💐 Good Tuesday morning, and happy May Day.
Situational awareness: "Trump has postponed the imposition of steel and aluminum tariffs on Canada, the European Union and Mexico until June 1, and has reached agreements for permanent exemptions for Argentina, Australia and Brazil." (Reuters)
Illustration: Sarah Grillo/Axios
James Comey told me last night during an hourlong, onstage conversation that President Trump should submit to an interview by special counsel Robert Mueller, but is skeptical that will happen.
Comey spoke at a book-signing event for "A Higher Loyalty" at George Washington University, presented by Axios and Politics and Prose bookstore, and carried live by C-SPAN.
Other quick hits by Comey:
Comey's drop-the-mic moment ... From today, it's 189 days until midterms. I asked if Mueller will likely take the election into account in his timing:
"Robert S. Mueller III ... has at least four dozen questions ... he wants to ask President Trump to learn more about his ties to Russia and determine whether he obstructed the inquiry," the N.Y. Times' Michael Schmidt scoops:
Read the questions, including:
Shot ... WashPost front page, "A cruising economy encounters rough seas ... Rare trifecta of soaring stocks, cheap loans and low inflation coming to an end," by David J. Lynch:
Chaser ... Wall Street Journal front page, "How Bad Is the Labor Shortage? Cities Will Pay You to Move There," by David Harrison and Shayndi Raice (subscription):
For May Day, which in many countries is a celebration of workers, AFP presents a photo essay of images — taken by photographers around the world in March and April — of jobs that may disappear because of technological changes.
Pharmaceutical companies are shouldering a greater share of the blame for the opioid crisis, although individual users are blamed most often, according to a new Survey Monkey/Axios poll.
The number of Americans without health insurance is creeping back up, after seeing a big drop once the Affordable Care Act took effect, according to the latest tracking survey from the Commonwealth Fund.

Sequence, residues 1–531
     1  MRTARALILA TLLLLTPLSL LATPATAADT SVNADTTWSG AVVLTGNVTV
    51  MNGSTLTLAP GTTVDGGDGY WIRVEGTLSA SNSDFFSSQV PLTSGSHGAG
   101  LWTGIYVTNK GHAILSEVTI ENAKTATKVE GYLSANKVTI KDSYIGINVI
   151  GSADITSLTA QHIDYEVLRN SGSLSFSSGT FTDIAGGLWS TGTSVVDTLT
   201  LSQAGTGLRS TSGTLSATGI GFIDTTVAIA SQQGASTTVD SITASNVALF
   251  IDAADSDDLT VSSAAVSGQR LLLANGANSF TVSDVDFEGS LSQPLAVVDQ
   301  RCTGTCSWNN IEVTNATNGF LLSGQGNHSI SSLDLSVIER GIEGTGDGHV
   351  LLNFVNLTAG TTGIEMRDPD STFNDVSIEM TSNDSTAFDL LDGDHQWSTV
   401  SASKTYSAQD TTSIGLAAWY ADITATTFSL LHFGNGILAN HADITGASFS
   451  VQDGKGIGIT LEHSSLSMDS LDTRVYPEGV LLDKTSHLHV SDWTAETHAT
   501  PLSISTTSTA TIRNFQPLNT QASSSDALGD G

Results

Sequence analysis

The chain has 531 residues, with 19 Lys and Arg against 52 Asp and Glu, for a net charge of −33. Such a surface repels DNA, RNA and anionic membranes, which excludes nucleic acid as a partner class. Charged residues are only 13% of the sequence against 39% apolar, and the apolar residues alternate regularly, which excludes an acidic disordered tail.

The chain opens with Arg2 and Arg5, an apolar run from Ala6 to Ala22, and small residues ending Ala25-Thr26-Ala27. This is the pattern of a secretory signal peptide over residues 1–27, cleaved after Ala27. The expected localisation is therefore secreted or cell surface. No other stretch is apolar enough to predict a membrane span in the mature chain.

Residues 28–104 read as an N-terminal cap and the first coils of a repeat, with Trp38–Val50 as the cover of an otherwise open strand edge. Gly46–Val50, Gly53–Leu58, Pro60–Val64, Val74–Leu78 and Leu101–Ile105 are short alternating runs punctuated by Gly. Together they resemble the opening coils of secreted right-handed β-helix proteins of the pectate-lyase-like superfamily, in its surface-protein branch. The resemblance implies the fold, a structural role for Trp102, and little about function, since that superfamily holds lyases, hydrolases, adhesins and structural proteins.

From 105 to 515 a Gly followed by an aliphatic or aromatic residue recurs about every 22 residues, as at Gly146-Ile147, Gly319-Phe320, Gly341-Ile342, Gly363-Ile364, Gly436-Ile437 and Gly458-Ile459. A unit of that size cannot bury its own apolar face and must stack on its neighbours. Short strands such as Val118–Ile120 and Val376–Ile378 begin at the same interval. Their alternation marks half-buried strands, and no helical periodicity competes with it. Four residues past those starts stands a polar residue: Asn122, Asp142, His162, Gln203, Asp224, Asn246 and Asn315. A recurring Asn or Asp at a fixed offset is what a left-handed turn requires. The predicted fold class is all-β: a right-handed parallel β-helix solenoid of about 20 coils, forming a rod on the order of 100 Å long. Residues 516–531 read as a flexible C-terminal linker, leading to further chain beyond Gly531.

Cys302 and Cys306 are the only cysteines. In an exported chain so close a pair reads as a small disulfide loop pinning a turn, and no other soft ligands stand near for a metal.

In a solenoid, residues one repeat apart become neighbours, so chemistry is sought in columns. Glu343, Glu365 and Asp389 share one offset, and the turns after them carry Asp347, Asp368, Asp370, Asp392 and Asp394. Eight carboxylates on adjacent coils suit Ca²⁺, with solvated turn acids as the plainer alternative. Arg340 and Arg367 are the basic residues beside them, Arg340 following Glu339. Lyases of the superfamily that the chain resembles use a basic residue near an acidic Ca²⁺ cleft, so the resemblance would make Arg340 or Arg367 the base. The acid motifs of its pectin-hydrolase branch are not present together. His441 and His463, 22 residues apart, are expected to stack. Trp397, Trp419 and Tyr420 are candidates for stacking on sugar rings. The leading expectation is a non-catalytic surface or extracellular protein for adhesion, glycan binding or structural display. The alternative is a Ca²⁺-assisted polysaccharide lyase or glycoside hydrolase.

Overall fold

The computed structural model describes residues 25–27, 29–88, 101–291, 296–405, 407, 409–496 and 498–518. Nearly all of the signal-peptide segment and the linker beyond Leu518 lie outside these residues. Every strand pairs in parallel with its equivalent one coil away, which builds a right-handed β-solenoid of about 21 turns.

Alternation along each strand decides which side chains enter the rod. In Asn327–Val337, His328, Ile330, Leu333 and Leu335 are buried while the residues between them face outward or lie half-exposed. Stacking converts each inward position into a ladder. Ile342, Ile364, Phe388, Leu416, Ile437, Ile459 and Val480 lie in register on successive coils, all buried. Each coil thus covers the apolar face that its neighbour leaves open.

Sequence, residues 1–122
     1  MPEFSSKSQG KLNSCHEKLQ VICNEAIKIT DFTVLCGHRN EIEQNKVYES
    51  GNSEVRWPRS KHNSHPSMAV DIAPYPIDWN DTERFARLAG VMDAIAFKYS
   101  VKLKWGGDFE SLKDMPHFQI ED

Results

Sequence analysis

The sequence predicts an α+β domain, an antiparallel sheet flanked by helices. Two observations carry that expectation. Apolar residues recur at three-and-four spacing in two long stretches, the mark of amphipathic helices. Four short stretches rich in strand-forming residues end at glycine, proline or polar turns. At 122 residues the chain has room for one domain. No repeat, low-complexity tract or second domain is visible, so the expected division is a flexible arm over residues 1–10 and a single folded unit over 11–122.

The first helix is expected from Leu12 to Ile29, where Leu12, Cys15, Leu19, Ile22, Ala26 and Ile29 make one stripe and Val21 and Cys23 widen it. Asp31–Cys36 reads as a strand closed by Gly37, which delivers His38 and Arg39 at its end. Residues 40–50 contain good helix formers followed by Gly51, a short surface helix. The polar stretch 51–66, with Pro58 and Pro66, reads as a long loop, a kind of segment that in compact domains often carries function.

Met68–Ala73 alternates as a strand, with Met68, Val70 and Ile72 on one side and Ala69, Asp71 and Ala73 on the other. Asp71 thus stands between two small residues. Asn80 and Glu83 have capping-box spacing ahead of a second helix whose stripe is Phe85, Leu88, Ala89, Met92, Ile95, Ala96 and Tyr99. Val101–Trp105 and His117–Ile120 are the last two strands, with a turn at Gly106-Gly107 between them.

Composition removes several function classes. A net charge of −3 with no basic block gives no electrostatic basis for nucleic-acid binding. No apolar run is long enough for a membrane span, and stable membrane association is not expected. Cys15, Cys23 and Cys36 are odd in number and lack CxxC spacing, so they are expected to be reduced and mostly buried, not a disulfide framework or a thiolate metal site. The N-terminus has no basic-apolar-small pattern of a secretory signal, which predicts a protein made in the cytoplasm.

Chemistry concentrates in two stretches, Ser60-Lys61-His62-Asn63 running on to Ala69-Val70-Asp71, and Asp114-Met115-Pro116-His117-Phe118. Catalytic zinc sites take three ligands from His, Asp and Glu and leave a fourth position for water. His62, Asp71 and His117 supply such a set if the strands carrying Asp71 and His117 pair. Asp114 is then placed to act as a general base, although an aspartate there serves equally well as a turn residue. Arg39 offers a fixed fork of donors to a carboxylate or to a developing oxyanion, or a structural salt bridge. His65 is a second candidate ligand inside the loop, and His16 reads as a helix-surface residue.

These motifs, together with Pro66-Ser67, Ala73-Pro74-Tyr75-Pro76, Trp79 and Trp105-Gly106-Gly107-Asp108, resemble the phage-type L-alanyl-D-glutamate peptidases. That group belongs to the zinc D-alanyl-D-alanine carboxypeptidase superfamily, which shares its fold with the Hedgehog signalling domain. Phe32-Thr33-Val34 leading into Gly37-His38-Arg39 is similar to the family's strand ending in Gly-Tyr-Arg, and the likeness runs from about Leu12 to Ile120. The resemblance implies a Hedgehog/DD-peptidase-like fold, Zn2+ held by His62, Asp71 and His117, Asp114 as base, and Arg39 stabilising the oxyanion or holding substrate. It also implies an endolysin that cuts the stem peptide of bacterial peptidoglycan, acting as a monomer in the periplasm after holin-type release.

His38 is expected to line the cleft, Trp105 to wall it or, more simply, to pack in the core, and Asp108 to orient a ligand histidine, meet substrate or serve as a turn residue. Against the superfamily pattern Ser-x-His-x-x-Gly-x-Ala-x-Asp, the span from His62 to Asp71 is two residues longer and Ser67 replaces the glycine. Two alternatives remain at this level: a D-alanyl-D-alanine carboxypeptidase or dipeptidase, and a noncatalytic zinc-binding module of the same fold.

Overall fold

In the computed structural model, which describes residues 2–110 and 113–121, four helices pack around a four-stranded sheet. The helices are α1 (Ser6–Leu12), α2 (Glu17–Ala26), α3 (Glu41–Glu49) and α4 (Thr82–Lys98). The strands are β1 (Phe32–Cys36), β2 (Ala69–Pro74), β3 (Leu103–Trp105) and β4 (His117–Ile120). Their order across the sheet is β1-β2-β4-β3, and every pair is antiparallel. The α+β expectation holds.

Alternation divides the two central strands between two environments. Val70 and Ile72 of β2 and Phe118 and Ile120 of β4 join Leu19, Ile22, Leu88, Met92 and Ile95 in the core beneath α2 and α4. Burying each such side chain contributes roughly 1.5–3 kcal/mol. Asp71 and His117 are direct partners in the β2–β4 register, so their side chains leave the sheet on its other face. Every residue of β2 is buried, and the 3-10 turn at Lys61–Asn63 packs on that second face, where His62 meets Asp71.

Matt and Mercedes Schlapp and their five daughters (from left): Caterina, 12; Lucia, 5; Ava, 6; Viana, 13; and Elissa, 9. (Andre Chung for The Washington Post via Getty Images)
"Matt Schlapp, the pro-Trump chairman of the American Conservative Union, ... and his wife, Mercedes Schlapp, the director of strategic communications at the White House, are the most visible in the city’s cadre of conservative Republicans who, faced with a populist Trump juggernaut, chose to scramble aboard," the N.Y. Times' Elizabeth Williamson writes on A1:
Paragraph of the day: "This past weekend they aired their disgust at the comedian Michelle Wolf’s takedown of Sarah Huckabee Sanders, the White House press secretary, at the White House Correspondents’ Association Dinner. 'It’s why America hates the out of touch leftist media elite,' Ms. Schlapp tweeted from a limousine en route to an exclusive after-party organized by NBC/MSNBC."
Edelman, the global communications marketing firm, names Joe Lockhart — most recently a top NFL exec, and before that White House press secretary for Bill Clinton and a co-founder of the Glover Park Group — to be vice chairman, Public Affairs.
"As Germany prepares to mark Karl Marx's 200th birth anniversary [Saturday; born May 5, 1818], the revolutionary philosopher's legacy remains divisive more than a quarter century after the fall of the Berlin Wall," AFP reports:
"In the western town of Trier, the icon's birthplace which is planning 600 events for his bicentenary, it is not lost on critics that the centerpiece of the celebrations is a gargantuan statue offered as a gift from communist China":
"The Airport Lounge, Once a Refuge, Is a Total Zoo ... Credit-card rewards programs have vastly expanded access, tarnishing that 1% feeling; scanty buffets and cheap Chardonnay" — Wall Street Journal A-hed by AnnaMaria Andriotis (subscription):
Thanks for reading. See you on Axios.com.